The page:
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Starting in 2016, we initiated a pilot tele-antibiotic stewardship program at 2 rural Veterans Affairs medical centers (VAMCs). Antibiotic days of therapy decreased significantly (P < .05) in the acute and long-term care units at both intervention sites, suggesting that tele-stewardship can effectively support antibiotic stewardship practices in rural VAMCs.
Laboratory identification of carbapenem-resistant Enterobacteriaceae (CRE) is a key step in controlling its spread. Our survey showed that most Veterans Affairs laboratories follow VA guidelines for initial CRE identification, whereas 55.0% use PCR to confirm carbapenemase production. Most respondents were knowledgeable about CRE guidelines. Barriers included staffing, training, and financial resources.
Shunt-related adverse events are frequent in infants after modified Blalock–Taussig despite use of acetylsalicylic acid prophylaxis. A higher incidence of acetylsalicylic acid-resistance and sub-therapeutic acetylsalicylic acid levels has been reported in infants. We evaluated whether using high-dose acetylsalicylic acid can decrease shunt-related adverse events in infants after modified Blalock–Taussig.
In this single-centre retrospective cohort study, we included infants ⩽1-year-old who underwent modified Blalock–Taussig placement and received acetylsalicylic acid in the ICU. We defined acetylsalicylic acid treatment groups as standard dose (⩽7 mg/kg/day) and high dose (⩾8 mg/kg/day) based on the initiating dose.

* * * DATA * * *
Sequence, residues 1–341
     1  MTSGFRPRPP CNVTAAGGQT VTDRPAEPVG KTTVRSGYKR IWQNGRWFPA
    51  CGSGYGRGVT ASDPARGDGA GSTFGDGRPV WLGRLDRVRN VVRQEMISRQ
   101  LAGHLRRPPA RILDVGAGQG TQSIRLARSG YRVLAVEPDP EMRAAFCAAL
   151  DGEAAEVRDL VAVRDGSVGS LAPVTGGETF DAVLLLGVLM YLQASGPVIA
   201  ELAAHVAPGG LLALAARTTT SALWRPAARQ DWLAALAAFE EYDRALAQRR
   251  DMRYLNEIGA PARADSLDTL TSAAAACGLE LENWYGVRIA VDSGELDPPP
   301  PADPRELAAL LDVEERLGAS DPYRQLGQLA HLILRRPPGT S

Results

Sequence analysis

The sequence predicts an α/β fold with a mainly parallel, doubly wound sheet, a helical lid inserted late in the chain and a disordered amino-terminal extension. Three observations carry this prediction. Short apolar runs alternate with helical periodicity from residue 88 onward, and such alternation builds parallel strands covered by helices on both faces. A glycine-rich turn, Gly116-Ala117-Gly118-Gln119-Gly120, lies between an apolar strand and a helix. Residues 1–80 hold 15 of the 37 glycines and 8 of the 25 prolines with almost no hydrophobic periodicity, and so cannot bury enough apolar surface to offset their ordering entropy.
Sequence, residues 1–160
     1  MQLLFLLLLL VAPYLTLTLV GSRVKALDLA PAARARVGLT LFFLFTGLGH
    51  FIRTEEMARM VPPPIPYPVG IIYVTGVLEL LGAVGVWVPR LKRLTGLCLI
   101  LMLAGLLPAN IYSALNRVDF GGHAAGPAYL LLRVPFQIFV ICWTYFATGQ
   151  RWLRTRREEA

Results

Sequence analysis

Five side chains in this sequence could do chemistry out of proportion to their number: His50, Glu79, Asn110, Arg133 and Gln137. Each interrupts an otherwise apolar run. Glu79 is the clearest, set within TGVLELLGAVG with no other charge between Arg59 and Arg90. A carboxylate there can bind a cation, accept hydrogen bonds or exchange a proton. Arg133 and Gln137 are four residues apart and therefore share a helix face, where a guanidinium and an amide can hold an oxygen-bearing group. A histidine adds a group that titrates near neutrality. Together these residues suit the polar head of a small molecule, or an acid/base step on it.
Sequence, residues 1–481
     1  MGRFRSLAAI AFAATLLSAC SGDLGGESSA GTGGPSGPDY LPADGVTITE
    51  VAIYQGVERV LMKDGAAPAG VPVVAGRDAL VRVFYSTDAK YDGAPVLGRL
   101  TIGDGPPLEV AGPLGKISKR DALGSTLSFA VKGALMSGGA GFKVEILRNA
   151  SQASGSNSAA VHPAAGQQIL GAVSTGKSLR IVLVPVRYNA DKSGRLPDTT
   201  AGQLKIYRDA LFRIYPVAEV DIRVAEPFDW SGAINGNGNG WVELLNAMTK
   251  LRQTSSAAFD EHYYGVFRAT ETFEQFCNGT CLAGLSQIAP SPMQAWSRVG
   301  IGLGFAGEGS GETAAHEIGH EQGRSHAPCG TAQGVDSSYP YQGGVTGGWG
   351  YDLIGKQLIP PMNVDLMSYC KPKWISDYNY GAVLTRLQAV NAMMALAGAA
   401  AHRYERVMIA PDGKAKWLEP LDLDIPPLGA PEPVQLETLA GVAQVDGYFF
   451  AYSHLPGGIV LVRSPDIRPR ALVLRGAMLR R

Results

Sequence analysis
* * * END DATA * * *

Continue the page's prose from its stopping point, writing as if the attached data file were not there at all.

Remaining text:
There were 34 infants in each group. Both groups were similar in age, gender, cardiac defect type, ICU length of stay, and time interval to second stage or definitive repair. Shunt interventions (18 versus 32%, p=0.16), shunt thrombosis (14 versus 17%, p=0.74), and mortality (9 versus 12%, p=0.65) were not significantly different between groups. On multiple logistic regression analysis, single-ventricle morphology (odds ratio 5.2, 95% confidence interval of 1.2–23, p=0.03) and post-operative red blood cells transfusion ⩾24 hours [odds ratio 15, confidence interval of (3–71), p<0.01] were associated with shunt-related adverse events. High-dose acetylsalicylic acid treatment [odds ratio 2.6, confidence interval of (0.7–10), p=0.16] was not associated with decrease in these events.
High-dose acetylsalicylic acid may not be sufficient in reducing shunt-related adverse events in infants after modified Blalock–Taussig. Post-operative red blood cells transfusion may be a modifiable risk factor for these events. A randomised trial is needed to determine appropriate acetylsalicylic acid dosing in infants with modified Blalock–Taussig.